New UHV program to improve high school instruction, encourage more students to go to college
The University of Houston-Victoria wants to improve the quality of teaching and learning in South Texas high schools through a new collaboration between the region's school districts, community colleges, business leaders and the Region III Education Service Center.
Mastering Our Future is a program being developed by UHV to improve high school instruction, increase the number of students taking courses for both high school and college credit, assist community colleges in finding more adjunct faculty members to teach those courses, and encourage high school students to go to college.
"This is a simple program that will do a lot to improve education in South Texas," said John Stansell, UHV Dean of the School of Education & Human Development. "We've got to try a different approach in Texas to help our students, teachers and schools."
Mastering Our Future will provide high school teachers from Victoria and the other 10 counties in Region III with scholarships to assist in obtaining their master's in education from UHV. Scholarships will be funded through a partnership between UHV, area school districts, businesses and community members.
Teachers will have the opportunity to select from a variety of concentrations such as English, biology, computer science, history and math. They can take their classes at times that are convenient for them because all the courses will be offered online.
After the teachers complete their master's degrees, which include 18 credit hours in their teaching field, they will have the potential to earn more money. Area community colleges can hire them as adjunct instructors and pay them extra to teach dual-credit courses at their high schools. Some school districts also pay a higher salary to teachers with master's degrees.
High school students will benefit from Mastering Our Future by having more dual-credit courses available at their schools, said Wayne Beran, who is the UHV vice president for administration and finance, and initially developed the idea for the program. Dual-credit courses allow students to receive both high school and college credit. Since students have to register at an area community college to take one of these courses, Beran also wants to seek scholarship funds as part of Mastering Our Future to assist students with tuition.
By taking dual-credit courses, students can make the transition to college more smoothly because they will have experience with college-level courses, Beran said. Students also will potentially graduate from college in less time because they will start college with some credit hours already earned.
"This will be a tremendous opportunity for high school students in Region III to see that college is a goal they can achieve, and this is a way for students to save money because they'll be able to graduate from college faster," he said.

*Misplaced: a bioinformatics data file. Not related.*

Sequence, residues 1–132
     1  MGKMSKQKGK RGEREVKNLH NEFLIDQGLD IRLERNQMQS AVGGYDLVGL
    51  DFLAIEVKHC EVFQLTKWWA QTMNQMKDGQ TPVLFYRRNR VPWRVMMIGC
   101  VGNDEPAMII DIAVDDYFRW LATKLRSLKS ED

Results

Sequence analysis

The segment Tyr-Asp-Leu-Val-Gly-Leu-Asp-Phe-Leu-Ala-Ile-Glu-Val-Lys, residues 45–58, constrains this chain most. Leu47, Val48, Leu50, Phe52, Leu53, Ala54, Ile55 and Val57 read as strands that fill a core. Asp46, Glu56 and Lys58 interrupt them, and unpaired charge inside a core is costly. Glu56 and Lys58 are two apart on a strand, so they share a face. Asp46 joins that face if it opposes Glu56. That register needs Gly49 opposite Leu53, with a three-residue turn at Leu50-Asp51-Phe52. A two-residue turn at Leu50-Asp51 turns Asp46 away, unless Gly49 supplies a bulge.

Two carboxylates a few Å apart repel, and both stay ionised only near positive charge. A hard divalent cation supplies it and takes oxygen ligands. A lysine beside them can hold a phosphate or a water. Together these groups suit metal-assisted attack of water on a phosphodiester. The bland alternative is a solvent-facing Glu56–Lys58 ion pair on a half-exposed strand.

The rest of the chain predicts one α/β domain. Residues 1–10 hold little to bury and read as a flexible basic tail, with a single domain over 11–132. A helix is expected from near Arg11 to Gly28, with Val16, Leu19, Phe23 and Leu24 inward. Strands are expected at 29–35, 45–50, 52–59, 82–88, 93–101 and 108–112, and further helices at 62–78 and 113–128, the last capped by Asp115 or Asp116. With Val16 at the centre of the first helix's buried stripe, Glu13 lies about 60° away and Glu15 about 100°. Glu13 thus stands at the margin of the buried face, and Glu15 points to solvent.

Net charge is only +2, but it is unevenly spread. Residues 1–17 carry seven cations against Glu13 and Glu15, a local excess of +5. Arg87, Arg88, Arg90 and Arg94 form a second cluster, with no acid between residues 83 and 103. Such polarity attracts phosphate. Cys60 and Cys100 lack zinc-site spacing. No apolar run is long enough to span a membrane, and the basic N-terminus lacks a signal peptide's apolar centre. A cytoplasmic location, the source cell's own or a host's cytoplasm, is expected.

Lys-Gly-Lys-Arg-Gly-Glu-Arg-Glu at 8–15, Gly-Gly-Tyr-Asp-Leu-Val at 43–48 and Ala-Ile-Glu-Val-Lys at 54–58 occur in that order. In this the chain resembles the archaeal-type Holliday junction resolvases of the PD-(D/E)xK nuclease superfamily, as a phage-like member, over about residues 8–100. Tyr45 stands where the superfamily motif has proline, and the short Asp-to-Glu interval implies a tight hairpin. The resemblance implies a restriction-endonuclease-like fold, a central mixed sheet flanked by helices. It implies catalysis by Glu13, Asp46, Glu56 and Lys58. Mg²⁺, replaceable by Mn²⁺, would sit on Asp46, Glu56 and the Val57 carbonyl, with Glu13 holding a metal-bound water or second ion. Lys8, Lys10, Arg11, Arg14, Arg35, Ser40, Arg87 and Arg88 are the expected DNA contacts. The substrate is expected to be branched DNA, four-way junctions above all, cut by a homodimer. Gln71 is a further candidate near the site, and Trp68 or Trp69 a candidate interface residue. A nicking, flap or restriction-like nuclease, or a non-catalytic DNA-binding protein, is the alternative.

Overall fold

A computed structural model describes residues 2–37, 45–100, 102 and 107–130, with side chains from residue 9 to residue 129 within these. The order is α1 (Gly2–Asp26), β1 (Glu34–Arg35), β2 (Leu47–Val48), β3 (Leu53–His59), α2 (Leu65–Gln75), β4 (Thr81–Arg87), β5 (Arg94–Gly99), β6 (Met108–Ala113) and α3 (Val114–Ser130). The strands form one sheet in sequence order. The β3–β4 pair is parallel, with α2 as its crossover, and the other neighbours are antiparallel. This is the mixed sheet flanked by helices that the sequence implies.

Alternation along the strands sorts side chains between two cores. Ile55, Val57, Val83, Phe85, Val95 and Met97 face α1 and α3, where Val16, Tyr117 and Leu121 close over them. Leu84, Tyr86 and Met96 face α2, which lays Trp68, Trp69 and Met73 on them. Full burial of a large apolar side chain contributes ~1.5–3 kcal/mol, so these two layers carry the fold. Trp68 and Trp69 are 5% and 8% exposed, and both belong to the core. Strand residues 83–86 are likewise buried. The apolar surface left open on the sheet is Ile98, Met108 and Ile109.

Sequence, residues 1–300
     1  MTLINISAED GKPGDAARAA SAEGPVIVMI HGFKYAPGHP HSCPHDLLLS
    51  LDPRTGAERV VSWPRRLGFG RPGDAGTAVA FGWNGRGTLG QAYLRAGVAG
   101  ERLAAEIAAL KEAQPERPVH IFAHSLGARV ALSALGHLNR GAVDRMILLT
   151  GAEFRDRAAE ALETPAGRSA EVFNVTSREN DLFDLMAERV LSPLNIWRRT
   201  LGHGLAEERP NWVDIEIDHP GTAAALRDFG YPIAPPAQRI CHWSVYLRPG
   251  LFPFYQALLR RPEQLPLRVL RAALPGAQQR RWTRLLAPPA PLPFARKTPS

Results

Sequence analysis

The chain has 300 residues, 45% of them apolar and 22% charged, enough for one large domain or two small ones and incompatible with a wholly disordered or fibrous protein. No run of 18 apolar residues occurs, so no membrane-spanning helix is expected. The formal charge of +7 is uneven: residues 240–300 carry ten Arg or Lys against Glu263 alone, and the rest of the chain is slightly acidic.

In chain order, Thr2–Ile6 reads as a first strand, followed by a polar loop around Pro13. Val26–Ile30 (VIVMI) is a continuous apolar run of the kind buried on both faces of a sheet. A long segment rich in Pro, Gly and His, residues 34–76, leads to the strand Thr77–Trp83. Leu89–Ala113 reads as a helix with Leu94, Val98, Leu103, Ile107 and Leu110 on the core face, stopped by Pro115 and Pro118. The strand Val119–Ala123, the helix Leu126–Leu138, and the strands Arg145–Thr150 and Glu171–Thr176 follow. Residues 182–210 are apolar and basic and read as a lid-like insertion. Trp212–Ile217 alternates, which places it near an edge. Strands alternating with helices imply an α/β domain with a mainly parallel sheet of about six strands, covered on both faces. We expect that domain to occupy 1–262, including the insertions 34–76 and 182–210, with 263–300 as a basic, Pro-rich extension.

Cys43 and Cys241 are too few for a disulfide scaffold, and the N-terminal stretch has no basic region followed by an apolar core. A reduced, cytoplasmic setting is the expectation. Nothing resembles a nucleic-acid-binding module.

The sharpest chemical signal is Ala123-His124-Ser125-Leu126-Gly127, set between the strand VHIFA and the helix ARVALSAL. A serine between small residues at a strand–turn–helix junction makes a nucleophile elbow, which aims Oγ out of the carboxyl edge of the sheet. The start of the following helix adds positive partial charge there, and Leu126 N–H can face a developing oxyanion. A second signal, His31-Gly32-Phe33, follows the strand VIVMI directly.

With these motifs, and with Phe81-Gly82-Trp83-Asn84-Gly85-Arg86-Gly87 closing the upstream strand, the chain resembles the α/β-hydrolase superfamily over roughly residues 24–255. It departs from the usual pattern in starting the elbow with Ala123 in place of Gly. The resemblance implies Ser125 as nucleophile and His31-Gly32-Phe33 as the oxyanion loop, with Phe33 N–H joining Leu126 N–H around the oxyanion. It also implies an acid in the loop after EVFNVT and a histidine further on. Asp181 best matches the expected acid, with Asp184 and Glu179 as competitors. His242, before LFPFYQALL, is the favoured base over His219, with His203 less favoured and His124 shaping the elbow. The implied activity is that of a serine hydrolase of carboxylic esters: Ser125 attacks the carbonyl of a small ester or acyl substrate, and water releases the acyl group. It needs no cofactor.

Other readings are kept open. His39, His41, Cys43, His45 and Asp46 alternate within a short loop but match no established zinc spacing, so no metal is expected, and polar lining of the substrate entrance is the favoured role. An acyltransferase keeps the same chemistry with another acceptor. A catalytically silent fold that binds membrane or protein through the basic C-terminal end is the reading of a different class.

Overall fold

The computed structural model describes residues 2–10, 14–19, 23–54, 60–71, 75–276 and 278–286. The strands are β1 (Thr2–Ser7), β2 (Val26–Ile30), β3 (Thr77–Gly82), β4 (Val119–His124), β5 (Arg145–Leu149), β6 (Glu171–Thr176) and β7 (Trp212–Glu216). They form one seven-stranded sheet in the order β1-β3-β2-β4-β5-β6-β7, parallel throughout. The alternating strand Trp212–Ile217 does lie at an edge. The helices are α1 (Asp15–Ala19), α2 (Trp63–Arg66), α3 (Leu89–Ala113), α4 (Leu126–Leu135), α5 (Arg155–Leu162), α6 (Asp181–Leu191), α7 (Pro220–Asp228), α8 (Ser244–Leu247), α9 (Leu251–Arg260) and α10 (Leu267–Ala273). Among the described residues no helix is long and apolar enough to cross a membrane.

By taking advantage of the scholarship offerings, teachers in Mastering Our Future may be required to teach at their district for several years after obtaining their master's degree. This will help school districts retain quality teachers, a goal the Goliad Independent School District had this summer when it started a program similar to Mastering Our Future. Beran also is president of the Goliad ISD School Board.
"We are working to enhance the knowledge base of our teachers," Goliad ISD Superintendent Sam Atwood said. "Our Master Degree Incentive Plan has brought a new level of excitement to our district."
The district has six teachers taking part in its program, he said. It reimburses district teachers a maximum of $8,000 for obtaining a masters degree in their content area or grade level.
When Mastering Our Future begins, Goliad ISD wants to work with the other school districts involved with the program, Atwood said.
"There is strength in numbers, and we want a large number of school districts, community colleges and business leaders to participate in this program so that all of us can work together on improving education in the region," he said.
Beran and Stansell recently presented the idea for Mastering Our Future to school superintendents during a Region III meeting. Retired UHV education professor Robert Zawadzki is the Mastering Our Future liaison, who, along with Beran and Stansell, will be working to get as many school districts involved as possible.
"Congratulations to UHV for developing a program to overcome the barriers of cost and inconvenience to teachers who wish to obtain an advanced degree," said Julius Cano, Region III executive director.
Funding for Mastering Our Future would come from area businesses, but getting donations is not expected to be a problem if more school districts and community colleges become interested, UHV President Tim Hudson said.
"We've gotten several large grants recently, including a nearly $500,000 grant from the Greater Texas Foundation to fund a program to increase the number of teachers in Texas," he said. "It is encouraging to know that businesses and foundations are interested in improving education in this region."
For more information about becoming involved with Mastering Our Future, contact Zawadzki at 361-575-0067, Stansell at 361-570-4260 or Beran at 361-570-4811.